The Kentucky State Veterinarian’s office announced today (Aug. 13) that an Edmonson County horse has tested positive for West Nile virus (WNV).

"Testing conducted at Murray State University’s Breathitt Veterinary Center has confirmed the first reported equine West Nile case in Kentucky for 2013," according to today’s statement from Kentucky Equine Programs Manager E.S. "Rusty" Ford.

Ford’s statement relayed that on Aug. 9 the 5-year-old Quarter Horse mare—who has no WNV vaccination history within the past year—began showing clinical signs of disease; she presented with colic and an abnormal neurologic presentation (including a head tilt, muscle fasciculation, lip paresis, and hypersensitivity to touch).

"The patient is reported today as continuing to recover and showing improvement," Ford’s statement said.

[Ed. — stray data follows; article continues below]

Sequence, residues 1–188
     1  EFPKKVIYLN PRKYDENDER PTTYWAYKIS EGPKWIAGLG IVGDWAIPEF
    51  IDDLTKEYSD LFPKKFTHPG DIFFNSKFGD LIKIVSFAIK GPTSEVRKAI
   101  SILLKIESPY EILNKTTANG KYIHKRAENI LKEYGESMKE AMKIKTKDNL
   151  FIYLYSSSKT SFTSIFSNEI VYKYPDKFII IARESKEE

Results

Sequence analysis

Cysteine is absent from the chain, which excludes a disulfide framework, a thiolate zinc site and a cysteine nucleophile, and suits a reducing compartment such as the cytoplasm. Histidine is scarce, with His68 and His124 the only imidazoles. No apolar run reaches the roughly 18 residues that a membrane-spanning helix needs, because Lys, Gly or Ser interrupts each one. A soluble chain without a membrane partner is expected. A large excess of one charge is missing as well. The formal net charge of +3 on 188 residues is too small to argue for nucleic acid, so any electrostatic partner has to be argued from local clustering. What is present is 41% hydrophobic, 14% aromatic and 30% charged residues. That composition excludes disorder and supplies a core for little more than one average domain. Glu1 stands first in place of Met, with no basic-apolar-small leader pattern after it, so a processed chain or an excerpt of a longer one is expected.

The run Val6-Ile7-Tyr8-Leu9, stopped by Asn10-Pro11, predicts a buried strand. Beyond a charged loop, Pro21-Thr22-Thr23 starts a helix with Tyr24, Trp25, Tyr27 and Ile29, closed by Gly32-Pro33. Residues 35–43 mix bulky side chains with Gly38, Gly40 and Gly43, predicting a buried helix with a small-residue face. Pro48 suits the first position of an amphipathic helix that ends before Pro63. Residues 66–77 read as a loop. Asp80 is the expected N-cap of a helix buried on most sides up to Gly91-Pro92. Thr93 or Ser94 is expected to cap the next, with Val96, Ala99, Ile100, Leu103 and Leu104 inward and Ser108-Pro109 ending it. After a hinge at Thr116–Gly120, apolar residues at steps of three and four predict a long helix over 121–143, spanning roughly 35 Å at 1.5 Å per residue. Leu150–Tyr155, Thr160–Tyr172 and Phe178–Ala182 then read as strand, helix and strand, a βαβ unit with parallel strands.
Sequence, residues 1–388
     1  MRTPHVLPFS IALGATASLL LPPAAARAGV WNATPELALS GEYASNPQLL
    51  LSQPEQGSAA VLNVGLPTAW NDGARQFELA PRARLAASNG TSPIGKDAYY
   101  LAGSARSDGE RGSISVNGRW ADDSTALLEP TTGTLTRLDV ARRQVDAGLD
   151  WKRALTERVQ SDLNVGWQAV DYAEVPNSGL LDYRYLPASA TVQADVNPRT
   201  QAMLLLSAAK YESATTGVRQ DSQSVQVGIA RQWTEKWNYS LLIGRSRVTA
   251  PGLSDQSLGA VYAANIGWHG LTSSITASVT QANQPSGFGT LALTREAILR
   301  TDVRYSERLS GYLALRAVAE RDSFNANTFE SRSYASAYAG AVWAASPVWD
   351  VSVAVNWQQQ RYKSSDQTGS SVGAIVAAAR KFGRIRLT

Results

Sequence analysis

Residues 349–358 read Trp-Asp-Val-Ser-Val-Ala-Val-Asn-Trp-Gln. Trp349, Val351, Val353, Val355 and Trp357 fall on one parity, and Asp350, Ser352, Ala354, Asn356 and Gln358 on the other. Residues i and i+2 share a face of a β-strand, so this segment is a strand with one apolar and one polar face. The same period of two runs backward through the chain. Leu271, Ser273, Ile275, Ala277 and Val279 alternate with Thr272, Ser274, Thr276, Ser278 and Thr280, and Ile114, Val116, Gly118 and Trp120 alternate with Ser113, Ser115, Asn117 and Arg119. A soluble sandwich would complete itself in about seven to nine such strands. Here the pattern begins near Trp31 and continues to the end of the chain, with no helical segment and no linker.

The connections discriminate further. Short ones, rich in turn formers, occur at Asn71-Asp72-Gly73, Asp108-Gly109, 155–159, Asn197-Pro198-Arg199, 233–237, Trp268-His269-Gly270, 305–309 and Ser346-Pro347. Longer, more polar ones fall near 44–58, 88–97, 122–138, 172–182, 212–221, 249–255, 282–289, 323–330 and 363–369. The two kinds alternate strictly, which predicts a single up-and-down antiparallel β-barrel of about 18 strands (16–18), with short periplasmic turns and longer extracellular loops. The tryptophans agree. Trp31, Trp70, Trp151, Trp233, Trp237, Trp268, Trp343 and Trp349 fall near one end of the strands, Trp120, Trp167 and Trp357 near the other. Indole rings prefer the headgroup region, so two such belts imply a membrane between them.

Clinical signs for WNV include flulike signs, where the horse seems mildly anorexic and depressed; fine and coarse muscle and skin fasciculations (twitching); hyperesthesia (hypersensitivity to touch and sound); changes in mentation (mentality), when horses look like they are daydreaming or "just not with it"; occasional somnolence (drowsiness); propulsive walking (driving or pushing forward, often without control); and "spinal" signs, including asymmetrical weakness. Some horses show asymmetrical or symmetrical ataxia. Equine mortality rate can be as high as 30-40%.

The United States Department of Agriculture Animal and Plant Health Inspection Service reported 627 cases of WNV in U.S. horses in 2012; 13 cases were reported last year in Ke